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It hasn’t been a year since the Cellanyx Diagnostics team spun out their technology from Columbia University. But, halfway to raising $1 million worth of seed funding for the company, CEO Ashok Chander can already share tips from the trenches.
BioCurious is a Silicon Valley bio-hacker space with a dual mission: community education and work with entrepreneurs. Cofounder Raymond McCauley, who is also chair of biotechnology at Singularity University, said BioCurious provides lab space, equipment and a community for entrepreneurs.
The Silicon Valley might not be the "friendliest" place to start your life science or digital health company. A small business survey released this month by the Kauffman Foundation and Thumbtack.com gave Austin, Virginia Beach, and Houston top honors as the friendliest cities for small businesses.
More than 6 percent of Inc. 500 firms work in the health and drug space, making it the No. 5 industrial sector for these fast-growing companies from 2005 to 2010. But these medical innovators aren’t all concentrated in the Silicon Valley.
Because life sciences entrepreneurship thrives on harnessing new technologies, spurring innovation, and growing companies, the Kauffman Foundation met in 2003 with the Panel of Advisors on the Life Sciences to help advance those goals.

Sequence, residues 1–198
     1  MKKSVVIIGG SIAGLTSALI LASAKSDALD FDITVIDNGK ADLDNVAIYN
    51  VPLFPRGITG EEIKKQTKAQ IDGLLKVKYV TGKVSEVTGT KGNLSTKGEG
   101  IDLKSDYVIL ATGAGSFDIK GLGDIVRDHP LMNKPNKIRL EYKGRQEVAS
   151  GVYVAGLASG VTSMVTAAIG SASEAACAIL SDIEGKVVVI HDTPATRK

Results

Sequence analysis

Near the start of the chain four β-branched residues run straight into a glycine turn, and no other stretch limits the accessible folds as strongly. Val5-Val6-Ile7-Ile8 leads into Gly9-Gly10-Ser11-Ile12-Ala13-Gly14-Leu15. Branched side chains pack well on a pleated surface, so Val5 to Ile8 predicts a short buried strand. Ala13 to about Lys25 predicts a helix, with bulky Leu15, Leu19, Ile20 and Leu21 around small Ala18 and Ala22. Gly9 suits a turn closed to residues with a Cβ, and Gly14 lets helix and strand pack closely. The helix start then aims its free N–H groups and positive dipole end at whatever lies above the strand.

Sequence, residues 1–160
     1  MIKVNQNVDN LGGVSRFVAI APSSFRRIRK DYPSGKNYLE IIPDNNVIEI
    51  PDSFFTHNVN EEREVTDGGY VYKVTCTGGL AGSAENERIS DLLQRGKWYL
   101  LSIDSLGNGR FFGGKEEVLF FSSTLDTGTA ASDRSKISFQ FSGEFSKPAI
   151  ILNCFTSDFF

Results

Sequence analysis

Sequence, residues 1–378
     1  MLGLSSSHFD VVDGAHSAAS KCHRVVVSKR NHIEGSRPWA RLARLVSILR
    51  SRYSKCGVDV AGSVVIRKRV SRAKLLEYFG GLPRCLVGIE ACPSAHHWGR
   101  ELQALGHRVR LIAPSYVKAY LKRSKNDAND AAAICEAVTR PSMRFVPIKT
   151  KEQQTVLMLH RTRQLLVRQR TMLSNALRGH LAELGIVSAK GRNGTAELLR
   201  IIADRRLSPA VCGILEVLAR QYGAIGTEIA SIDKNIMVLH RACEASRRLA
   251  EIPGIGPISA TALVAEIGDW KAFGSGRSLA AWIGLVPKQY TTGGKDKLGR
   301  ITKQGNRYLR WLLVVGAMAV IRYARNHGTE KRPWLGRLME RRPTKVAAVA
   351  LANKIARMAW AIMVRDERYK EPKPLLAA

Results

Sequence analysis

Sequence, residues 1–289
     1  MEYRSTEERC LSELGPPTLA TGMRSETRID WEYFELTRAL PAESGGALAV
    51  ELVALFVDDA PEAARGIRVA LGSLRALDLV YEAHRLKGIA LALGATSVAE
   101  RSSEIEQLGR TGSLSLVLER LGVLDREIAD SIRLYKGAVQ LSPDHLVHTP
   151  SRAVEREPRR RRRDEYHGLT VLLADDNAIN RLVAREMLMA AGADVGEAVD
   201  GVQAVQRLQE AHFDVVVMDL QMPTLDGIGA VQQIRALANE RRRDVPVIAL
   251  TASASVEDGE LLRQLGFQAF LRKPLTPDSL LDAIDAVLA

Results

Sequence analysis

Solving problems in healthcare isn’t easy, especially given the complexity of the space and the diversity of the stakeholders. Creating communities of engaged stakeholders around a common problem can be a powerful approach to prototyping, testing, and deploying solutions. That’s because these communities bring together people from multiple disciplines and perspectives.
It's the classic conundrum for healthcare entrepreneurs: You want your business to move fast and grow quickly, but it can take months for large health systems to make a decision about your product or service.
HealthLoop lets doctors send patients automated follow-up emails with questions ranging from the general to the specific. In an interview, the company's founder shared tips for aspiring "doctorpreneurs."
eMed has published the second in a series of white papers focused on issues key to life science and digital health entrepreneurs. The new white paper, Access, offers a crash course for life science and digital health entrepreneurs on access to potential customers, access to networks, access to capital, and access to care settings.
A technology entrepreneur and health researcher, Ian Eslick considered how to tap unusual revenue sources to build and sustain projects that would have value in the healthcare system. He came up with a solution in Vital Reactor, which keeps track of profit shares for people who contributed to a startup.
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